For the most budget conscious, the Samsung 11.6″ 4GB model (not a flip tablet) at $119 is an excellent value. The rubberized case seems like it’s built to withstand some abuse, making it a good first machine for younger students.

To summarize, my top three Chromebooks under $350 this Black Friday are:

  • $349 HP Chromebook 14″ 2-in-1 8GB
  • $219 Acer Spin 11 4GB (Best Buy model with dual camera for tablet mode)
  • $119 Samsung 11.6″ 4GB

Happy hunting!

Posted in PC Tech | 2 Comments »

In search of the perfect Chromebook on Black Friday

Posted by David Chandler on November 19, 2018

My family has been using Chromebooks for home and school for the last 5 years. There’s lots to like: super fast startup, no worries about viruses or backups, and they update automatically, which is super easy on me as my kids’ systems administrator. All the Google apps including Gmail now support offline use, and newer models can run Android apps and now even Linux apps (more below)! And of course, for basic computing from email and word processing to Facebook and Netflix, they’re cheap. As Black Friday approaches, I thought I’d highlight a few of my favorite models.

Most versatile around the house

The Acer R11 is my all-around favorite for home use. It has a great feel to it, solid and comfortable. I find the R11 on the kitchen counter serving up recipes, at the kitchen table answering emails, on the couch doing school work in Google Docs, and set up in tent mode in the living room for a video call over Hangouts or sharing photos with guests. The R11 doubles as a tablet which can run Android apps so you can download albums for offline listening using Google Play Music, read offline with Kindle, or explore a new area with Google Maps on a large screen in tablet mode. It has all the standard ports you’d expect (USB-A, HDMI, audio, SD card reader) so you don’t need adapters as with newer USB-C ports. Performance is reasonable for the Google apps and Web browsing. The available Celeron 3160 model is noticeably faster than the Celeron 3060, although both are decent when running productivity apps like Gmail and Kindle Reader. The R11 is small enough that you can fit it almost anywhere, and you can even find a $15 stylus on Amazon.com that works great on the touchscreen if you want to keep it clear of fingerprints. Costco had the 4 GB / 32 GB model with Celeron 3160 on sale for $199 a couple weeks ago, a really great value for a computer + Android tablet. Using the beta Linux apps support now available in Chrome 70, I even installed git, Java, maven, and IntelliJ on the R11. I would definitely not choose this as my primary machine for software development as an IDE like IntelliJ is very sluggish on the Celeron, but for text-based Linux tools, it’s more than adequate.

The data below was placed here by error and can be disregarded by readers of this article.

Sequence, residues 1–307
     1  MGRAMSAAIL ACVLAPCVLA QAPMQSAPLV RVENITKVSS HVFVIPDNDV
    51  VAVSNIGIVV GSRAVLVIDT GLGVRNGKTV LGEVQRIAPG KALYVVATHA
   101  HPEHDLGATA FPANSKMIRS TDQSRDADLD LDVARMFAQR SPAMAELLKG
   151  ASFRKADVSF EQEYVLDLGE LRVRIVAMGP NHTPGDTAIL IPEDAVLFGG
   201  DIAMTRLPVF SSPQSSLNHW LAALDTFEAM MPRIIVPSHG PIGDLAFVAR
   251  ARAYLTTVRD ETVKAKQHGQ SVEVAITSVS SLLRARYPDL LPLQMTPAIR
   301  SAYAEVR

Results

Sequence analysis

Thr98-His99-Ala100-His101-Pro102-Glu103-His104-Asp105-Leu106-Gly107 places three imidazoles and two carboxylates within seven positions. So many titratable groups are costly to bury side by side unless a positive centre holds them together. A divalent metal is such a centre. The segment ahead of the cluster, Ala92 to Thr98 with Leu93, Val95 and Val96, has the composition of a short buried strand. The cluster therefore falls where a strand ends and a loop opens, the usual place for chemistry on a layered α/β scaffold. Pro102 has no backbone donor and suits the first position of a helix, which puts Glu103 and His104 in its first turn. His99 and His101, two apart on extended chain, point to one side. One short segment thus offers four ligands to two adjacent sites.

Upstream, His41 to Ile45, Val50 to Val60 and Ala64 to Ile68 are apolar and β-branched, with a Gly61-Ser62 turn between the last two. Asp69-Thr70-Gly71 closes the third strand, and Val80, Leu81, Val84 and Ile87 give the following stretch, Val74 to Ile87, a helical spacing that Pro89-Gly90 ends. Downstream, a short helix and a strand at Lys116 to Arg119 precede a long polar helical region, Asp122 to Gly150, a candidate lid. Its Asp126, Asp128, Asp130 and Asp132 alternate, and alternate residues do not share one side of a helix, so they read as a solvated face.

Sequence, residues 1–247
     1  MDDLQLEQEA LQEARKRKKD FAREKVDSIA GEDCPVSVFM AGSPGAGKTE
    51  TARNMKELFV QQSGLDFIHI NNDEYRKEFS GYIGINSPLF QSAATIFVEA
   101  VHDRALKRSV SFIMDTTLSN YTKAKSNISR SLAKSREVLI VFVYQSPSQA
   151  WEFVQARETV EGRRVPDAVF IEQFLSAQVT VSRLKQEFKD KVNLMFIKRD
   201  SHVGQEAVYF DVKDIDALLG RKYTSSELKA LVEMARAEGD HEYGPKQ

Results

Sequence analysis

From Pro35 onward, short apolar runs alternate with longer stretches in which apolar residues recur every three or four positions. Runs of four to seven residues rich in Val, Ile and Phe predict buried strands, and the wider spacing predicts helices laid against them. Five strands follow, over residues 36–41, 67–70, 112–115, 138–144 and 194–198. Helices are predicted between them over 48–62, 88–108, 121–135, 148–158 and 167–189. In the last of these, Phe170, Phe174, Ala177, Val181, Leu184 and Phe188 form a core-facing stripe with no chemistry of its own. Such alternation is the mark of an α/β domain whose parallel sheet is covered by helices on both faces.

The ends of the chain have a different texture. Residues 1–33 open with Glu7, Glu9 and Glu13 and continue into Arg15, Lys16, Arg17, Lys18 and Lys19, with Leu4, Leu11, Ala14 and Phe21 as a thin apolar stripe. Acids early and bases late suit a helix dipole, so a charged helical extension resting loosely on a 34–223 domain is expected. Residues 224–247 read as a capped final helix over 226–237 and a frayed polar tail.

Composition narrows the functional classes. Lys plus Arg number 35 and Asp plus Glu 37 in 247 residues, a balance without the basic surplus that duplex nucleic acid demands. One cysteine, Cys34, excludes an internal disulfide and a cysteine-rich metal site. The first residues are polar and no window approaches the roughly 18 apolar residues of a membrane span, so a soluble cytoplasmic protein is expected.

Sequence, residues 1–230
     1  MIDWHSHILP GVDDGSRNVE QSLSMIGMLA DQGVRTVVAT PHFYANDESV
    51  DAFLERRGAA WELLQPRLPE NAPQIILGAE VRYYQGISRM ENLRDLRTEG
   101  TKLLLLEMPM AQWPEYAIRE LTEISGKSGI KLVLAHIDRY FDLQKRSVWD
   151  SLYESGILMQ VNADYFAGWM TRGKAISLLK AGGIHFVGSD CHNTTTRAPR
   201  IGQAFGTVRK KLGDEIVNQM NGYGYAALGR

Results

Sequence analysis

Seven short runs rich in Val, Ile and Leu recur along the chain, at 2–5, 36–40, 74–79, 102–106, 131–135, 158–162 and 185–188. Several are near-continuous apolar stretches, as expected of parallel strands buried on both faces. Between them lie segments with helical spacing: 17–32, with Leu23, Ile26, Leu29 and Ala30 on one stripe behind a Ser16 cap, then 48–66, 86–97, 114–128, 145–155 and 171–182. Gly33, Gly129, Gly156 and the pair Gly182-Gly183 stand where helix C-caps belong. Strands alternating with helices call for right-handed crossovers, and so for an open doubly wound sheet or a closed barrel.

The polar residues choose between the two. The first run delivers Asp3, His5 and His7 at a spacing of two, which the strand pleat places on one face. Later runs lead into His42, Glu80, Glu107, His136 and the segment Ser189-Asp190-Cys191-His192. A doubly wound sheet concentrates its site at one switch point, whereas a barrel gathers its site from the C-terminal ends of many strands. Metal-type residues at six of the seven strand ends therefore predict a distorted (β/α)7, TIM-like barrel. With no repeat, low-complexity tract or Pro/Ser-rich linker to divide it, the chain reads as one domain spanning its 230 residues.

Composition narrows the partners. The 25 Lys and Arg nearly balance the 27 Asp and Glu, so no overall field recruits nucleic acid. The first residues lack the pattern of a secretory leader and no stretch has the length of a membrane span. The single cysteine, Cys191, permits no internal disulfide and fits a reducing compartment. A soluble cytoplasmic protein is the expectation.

Best Buy currently has a similar model from Lenovo with an ARM-based chip (vs. Intel) on sale for $179. I have no personal experience with the Lenovo and its app compatibility, but the look and feel is great and the reviews are excellent.

Best traveler

The ASUS Chromebook C302 flip model, like the R11, runs Android apps (but not yet Linux, sadness). At just over two pounds, it travels lightly through airports on my back, and it’s thin enough to be quite comfortable as a tablet, as well. Its Intel Core m3 processor is quite a bit faster than the Celeron processors in low-end Chromebooks and handles most everyday tasks instantly. I really can’t imagine needing more power for anything but high-end games and software development. The backlit keyboard and sleek, silver design feels somewhat like a Macbook Air. I like the extra inch and a half of display over the Acer R11, but the R11 feels more durable because of its heavier textured plastic shell. For use on a desk or in my lap, the ASUS is my favorite. I was lucky to find an open box at Best Buy for $350, but they’re in the $450 range new.

Best movie screen under $300

The Acer Chromebook 15 (older model, not the latest) offers a large 15.6″ full HD display and excellent sound from the built-in speakers. It is heavy (almost 5 pounds!) and built like a tank, with durable fabric texture shell. It has all the same standard ports as the R11. The Celeron 3205U processor is more powerful than the N3160 on the Acer R11. Combined with a speedy Internet connection, my son uses it to remote in to a Windows machine in Google Cloud Platform to run Excel for business school. There is no noticeable lag. It is a great machine under $300 for students who don’t mind hauling it around. Unfortunately, the 3205U doesn’t yet run Linux apps. It does run Android apps even though it’s not a touchscreen.

For software developers